Oakland Catholic: Creating Empowered Leaders 

Academic excellence. Global experiences. State-of-the-art technology. Athletics for everyone. All wrapped in a commitment to spirituality-in-action that inspires tomorrow’s leaders.  

These are the pillars of education at Oakland Catholic High School, and for the school’s students, parents, faculty and leadership, these pillars are essential to creating empowered leaders. 

“We have a tremendous opportunity and responsibility to prepare our students to be leaders in the global world,” said Mary Claire Kasunic, President of Oakland Catholic High School. “We take that responsibility seriously,” she said, “and we dedicate ourselves to providing endless opportunities for these young women to learn, explore, get inspired and grow into the leaders they are meant to be.” 

At Oakland Catholic, “endless opportunities” is more than an idea, it’s a reality every day. The school offers 32 extracurricular activities, like Speech and Debate Team, Science Fiction and Fantasy Club, and a chapter of the national organization Girls Who Code; five foreign language classes including Mandarin, French, Italian, Spanish and Latin; seven science and robotics labs; 16 sports teams that have produced national champions and Olympic medalists; and two or more international trips each year where Oakland Catholic students are immersed in global languages, cultures and social justice experiences.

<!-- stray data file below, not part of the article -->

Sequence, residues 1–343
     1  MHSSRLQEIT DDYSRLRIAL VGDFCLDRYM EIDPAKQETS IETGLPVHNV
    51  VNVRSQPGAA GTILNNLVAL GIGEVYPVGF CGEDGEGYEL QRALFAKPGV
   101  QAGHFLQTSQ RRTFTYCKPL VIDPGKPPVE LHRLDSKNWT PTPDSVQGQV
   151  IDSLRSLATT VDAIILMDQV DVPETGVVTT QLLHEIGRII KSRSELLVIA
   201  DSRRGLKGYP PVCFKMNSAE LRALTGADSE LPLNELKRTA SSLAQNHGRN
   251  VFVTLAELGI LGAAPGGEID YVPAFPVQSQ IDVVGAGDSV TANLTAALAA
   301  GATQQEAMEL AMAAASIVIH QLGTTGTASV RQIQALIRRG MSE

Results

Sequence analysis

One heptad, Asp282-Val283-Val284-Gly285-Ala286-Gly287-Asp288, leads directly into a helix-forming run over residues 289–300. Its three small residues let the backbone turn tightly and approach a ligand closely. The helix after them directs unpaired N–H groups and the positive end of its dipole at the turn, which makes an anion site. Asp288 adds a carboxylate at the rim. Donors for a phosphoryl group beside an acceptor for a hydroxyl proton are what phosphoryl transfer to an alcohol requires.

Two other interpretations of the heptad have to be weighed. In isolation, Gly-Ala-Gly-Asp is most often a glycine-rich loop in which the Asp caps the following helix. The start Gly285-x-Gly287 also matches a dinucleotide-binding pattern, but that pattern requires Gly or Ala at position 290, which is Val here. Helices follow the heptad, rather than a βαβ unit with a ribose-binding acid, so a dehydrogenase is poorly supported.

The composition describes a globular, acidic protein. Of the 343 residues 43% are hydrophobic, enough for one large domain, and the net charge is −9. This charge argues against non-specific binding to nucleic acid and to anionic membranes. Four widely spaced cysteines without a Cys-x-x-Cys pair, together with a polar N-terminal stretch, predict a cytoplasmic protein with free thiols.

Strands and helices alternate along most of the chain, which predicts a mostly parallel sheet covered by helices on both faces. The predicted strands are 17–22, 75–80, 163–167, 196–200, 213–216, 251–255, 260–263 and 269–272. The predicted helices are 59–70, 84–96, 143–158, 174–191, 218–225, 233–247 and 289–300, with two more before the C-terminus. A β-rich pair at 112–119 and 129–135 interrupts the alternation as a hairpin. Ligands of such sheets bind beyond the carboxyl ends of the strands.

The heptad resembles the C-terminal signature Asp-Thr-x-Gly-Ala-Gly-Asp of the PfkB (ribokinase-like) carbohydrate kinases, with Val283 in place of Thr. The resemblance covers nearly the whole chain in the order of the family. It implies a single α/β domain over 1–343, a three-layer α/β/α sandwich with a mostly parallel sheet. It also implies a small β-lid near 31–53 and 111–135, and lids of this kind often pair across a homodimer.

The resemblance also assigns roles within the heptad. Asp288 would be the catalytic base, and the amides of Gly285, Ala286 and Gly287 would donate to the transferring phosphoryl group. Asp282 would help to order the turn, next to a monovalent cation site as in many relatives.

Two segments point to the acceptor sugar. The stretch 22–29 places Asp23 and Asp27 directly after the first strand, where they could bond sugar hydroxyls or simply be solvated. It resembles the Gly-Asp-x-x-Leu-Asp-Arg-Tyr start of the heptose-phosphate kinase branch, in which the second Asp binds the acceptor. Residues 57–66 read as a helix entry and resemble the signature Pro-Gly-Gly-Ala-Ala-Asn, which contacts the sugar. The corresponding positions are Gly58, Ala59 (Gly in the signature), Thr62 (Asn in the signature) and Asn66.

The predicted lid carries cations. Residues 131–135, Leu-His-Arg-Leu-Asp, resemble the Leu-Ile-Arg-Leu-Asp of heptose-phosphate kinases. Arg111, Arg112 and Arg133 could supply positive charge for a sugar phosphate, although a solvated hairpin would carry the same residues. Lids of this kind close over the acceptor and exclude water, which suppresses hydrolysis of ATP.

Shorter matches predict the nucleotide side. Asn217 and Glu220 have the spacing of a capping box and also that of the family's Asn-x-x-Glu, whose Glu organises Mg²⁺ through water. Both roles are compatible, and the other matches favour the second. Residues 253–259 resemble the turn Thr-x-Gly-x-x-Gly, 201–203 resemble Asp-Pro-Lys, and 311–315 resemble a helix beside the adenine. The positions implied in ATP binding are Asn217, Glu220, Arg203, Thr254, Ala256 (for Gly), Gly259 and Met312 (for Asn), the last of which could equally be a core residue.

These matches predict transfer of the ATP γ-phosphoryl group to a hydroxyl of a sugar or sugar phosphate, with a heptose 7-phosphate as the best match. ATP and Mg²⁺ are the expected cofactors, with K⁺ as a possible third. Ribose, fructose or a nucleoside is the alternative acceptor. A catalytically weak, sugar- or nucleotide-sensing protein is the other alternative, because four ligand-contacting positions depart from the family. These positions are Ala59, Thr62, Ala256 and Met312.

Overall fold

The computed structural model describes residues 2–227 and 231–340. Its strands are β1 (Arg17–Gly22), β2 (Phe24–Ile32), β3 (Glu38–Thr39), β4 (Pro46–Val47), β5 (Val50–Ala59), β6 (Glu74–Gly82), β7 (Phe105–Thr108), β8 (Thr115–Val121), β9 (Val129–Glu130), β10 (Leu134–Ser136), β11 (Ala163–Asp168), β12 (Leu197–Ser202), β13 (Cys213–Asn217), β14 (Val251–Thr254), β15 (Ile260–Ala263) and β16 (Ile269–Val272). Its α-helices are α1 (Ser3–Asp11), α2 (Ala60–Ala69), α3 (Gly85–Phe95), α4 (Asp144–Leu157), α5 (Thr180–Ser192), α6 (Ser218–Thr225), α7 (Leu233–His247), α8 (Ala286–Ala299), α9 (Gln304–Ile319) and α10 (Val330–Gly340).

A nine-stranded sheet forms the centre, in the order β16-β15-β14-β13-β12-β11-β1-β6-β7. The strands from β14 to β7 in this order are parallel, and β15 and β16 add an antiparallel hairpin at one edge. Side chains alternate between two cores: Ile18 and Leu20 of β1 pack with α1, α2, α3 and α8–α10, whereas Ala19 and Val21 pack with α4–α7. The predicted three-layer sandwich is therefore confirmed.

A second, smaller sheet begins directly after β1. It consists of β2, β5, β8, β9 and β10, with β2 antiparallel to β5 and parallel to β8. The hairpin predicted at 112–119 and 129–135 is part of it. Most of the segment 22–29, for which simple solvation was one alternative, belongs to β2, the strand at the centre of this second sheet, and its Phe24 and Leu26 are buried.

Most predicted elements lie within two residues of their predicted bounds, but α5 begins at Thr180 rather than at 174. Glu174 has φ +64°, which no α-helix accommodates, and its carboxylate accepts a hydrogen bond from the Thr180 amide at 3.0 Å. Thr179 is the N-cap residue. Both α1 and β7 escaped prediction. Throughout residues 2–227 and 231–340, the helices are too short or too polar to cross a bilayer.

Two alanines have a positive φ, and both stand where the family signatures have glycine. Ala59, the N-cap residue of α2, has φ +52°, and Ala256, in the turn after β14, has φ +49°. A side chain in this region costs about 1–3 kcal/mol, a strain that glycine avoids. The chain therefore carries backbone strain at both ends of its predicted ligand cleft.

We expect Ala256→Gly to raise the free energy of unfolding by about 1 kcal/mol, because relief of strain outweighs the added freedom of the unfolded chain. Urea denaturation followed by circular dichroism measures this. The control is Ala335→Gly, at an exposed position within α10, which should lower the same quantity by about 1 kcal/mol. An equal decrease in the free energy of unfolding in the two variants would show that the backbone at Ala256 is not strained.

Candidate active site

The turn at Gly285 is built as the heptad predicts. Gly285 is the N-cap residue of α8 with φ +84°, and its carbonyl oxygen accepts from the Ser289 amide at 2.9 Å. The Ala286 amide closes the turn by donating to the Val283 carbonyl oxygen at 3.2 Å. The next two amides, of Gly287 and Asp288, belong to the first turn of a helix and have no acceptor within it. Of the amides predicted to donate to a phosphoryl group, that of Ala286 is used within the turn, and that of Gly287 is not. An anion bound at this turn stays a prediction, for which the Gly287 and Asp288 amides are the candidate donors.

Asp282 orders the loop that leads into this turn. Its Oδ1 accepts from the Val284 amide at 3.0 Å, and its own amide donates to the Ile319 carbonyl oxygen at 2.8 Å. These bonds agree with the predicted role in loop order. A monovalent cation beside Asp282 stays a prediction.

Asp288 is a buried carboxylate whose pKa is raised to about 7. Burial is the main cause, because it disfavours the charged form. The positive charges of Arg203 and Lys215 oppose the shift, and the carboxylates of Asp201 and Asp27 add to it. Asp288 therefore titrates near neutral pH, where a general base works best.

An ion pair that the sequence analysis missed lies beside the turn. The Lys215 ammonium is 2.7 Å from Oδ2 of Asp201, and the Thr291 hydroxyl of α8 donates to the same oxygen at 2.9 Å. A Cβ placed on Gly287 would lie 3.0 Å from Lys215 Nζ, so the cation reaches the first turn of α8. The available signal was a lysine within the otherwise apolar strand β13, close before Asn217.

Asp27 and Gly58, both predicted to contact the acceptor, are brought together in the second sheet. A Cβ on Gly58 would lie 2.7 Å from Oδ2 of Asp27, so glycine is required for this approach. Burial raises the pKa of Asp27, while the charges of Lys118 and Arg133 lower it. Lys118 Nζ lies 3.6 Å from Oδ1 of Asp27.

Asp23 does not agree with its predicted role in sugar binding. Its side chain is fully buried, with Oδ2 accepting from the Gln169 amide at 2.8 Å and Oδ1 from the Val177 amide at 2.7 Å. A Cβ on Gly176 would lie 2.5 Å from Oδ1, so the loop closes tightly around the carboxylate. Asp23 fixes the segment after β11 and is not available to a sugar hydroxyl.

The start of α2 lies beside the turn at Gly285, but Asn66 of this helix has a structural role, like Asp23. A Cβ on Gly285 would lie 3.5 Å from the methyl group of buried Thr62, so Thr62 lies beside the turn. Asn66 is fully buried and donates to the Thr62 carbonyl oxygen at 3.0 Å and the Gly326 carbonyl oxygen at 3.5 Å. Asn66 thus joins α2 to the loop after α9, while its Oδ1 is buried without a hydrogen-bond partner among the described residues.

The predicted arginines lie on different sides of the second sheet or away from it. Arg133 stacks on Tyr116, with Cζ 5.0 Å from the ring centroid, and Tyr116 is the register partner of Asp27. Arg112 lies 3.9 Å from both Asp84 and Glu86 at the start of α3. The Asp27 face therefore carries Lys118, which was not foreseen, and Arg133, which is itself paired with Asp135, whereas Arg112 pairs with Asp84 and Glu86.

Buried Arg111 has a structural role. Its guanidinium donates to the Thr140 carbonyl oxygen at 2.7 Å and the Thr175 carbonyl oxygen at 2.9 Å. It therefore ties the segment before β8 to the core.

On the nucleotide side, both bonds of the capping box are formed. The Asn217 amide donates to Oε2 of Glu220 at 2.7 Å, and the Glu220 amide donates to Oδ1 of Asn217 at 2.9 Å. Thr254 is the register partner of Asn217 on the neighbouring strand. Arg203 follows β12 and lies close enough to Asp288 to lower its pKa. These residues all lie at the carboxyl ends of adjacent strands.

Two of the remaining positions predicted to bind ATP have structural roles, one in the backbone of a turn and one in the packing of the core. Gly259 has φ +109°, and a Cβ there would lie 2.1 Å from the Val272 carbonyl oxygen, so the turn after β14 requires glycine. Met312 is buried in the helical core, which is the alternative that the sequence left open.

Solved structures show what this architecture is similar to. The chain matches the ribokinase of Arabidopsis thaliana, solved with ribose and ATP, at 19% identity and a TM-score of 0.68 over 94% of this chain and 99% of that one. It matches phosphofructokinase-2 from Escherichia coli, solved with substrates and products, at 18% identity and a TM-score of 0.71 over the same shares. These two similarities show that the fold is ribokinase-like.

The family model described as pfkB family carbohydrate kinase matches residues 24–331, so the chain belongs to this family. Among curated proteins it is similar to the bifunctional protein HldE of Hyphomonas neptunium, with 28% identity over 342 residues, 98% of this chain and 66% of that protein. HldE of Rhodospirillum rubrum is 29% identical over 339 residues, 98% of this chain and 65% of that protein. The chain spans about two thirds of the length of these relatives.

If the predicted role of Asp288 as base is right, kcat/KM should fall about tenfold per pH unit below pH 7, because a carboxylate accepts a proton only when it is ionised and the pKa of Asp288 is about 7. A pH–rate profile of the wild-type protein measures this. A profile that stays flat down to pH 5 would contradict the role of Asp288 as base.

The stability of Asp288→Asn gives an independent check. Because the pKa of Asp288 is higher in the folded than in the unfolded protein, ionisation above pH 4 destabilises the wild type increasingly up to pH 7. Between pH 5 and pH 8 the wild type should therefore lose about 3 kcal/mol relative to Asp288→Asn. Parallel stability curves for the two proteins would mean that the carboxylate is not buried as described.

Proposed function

Oakland Catholic student Molly Doerfler, class of 2019, has experienced these endless opportunities first-hand. Through academic preparation and exposure to collaboration between Oakland Catholic and local universities, she attended the PA Governor’s School at the University of Pittsburgh. She credits this and many other Oakland Catholic experiences with helping her to become an empowered leader. 

“Through my experiences at Oakland Catholic, I learned that becoming a leader is about more than just personal leadership ability. It’s also about recognizing the many forms leadership can take and understanding how politics, geography and socioeconomics hinder or enhance the rise of strong leadership,” said Doerfler. “Because of my education at Oakland Catholic, I was able to fully embrace all that Pitt’s Global Studies Center and the PA Governor’s School had to offer while still attending high school.” 

Experiences like Doerfler’s are not unique at Oakland Catholic, says Kasunic.  

“The Oakland Catholic experience is about empowering girls, giving them the opportunity to fearlessly try new things, learn from mistakes, overcome obstacles and embrace their talents,” said Kasunic. “It is an honor to educate and encourage our girls as they become successful, empowered, young women.”